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Nauru parliament picks lawyer for president

August 27, 2019

A former rights lawyer has been elected Nauru's president. The change in leadership follows calls for humanitarian reform in the tiny Pacific nation, which Australia uses as a detention center for displaced people.


Nauru's Parliament chose Lionel Aingimea as president on Tuesday, three days after elections in the tiny Pacific island nation. 

Aingimea won the presidency 12-6 over rival David Adeang, the Nauru government information office reports.

Two-term President Baron Waqa lost his seat when voters swept the majority of Nauru's 19 lawmakers from office in the weekend's general elections. Speaking before Aingimea's election to the presidency on Tuesday, the opposition figure Mathew Batsiua called the general election "a decisive win for change." He said, "People want a government that's more fair and that doesn't leave people behind." 

Read more: Australian-born baby denied refugee protection visa

Aingimea, a lawyer trained in Australia, previously worked with the Regional Rights Resource Team, a nongovernmental organization. However, Aingimea subsequently worked in the Waqa administration, first as a senior public servant — then as an assistant minister for justice and border control.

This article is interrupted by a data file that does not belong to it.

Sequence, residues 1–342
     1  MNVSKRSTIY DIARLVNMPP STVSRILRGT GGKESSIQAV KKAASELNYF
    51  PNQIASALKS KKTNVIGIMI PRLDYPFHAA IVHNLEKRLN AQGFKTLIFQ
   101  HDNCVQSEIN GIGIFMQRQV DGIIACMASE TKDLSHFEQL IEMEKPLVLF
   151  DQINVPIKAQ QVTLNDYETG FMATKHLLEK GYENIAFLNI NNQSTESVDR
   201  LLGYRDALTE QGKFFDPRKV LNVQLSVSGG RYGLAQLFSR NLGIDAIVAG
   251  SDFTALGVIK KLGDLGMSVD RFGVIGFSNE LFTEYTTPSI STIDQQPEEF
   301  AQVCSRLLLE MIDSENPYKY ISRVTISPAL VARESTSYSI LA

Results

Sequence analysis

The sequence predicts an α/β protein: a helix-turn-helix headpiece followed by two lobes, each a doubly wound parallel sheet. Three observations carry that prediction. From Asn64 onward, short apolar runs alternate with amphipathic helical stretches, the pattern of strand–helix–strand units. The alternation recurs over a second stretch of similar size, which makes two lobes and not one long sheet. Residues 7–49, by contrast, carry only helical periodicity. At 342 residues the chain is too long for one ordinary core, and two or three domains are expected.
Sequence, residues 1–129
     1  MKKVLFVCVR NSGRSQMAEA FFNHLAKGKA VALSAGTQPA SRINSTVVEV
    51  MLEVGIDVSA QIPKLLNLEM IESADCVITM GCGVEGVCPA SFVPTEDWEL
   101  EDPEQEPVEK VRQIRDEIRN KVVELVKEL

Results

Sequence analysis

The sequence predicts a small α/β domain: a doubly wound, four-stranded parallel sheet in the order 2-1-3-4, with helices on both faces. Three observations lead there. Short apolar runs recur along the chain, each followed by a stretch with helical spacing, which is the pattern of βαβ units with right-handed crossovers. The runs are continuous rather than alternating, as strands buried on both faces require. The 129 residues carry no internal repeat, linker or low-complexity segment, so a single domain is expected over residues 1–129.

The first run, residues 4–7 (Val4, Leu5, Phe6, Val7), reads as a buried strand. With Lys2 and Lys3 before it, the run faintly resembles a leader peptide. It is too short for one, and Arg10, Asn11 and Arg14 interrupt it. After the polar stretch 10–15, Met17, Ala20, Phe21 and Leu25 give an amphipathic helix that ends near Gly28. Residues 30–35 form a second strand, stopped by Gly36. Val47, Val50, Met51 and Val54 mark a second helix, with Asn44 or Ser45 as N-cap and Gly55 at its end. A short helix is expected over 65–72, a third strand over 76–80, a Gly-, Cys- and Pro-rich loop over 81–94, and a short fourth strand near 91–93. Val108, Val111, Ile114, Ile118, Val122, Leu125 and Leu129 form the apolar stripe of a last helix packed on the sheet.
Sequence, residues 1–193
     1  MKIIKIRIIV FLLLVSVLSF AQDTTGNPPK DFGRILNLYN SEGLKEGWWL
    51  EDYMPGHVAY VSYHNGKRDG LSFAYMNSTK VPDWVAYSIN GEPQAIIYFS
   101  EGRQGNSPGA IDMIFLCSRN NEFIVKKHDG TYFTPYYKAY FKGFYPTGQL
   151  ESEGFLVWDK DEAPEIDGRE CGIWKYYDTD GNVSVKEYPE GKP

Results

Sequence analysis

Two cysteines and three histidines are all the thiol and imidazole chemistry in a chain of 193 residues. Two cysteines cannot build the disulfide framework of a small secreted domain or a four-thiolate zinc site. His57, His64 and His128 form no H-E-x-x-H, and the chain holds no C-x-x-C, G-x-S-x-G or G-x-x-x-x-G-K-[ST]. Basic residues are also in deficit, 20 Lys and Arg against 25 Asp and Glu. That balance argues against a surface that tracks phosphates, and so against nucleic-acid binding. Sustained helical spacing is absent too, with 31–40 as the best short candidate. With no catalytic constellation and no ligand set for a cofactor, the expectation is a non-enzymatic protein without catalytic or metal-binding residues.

Islands in the Pacific

'Lurched towards authoritarianism'

Nauru "lurched towards authoritarianism" under Waqa, according to Australia's Lowy Institute. He attempted to keep media from visiting to report on conditions facing displaced people held on the island to prevent them from reaching Australia, and pursued domestic political opponents through the courts, accusing them of rioting during a 2015 protest outside parliament. Last year, his government ordered Doctors Without Borders to stop working with displaced people on Nauru.

Read more: Australia's government loses major vote on asylum bill

Waqa supported camps on Nauru on behalf of Australia, which provides about one-third of the country's revenue. Australia's policy of processing asylum applicants on Nauru has proved an economic lifeline for the country, which had sold out of its previous source of wealth: phosphate deposits used as fertilizer. Nauru's government revenues ballooned from the equivalent of $13 million in 2010-11 to about $77 million in 2015-16 — largely thanks to fees paid by Australia's government linked to the asylum policy.

Advocates for displaced people estimate that about 300 refugees remain on the island, down from a peak of about 1,200 in 2014. Rights groups and the United Nations have consistently criticized the conditions faced by displaced people kept at bay from Australia, warning that policies of indefinite detention had contributed to mental health problems.

Nauru has a population of just over 11,000 and a surface area of 21 square kilometers (8 square miles) — making it larger only than Monaco and Vatican City.

mkg/rc (EFE, AFP)

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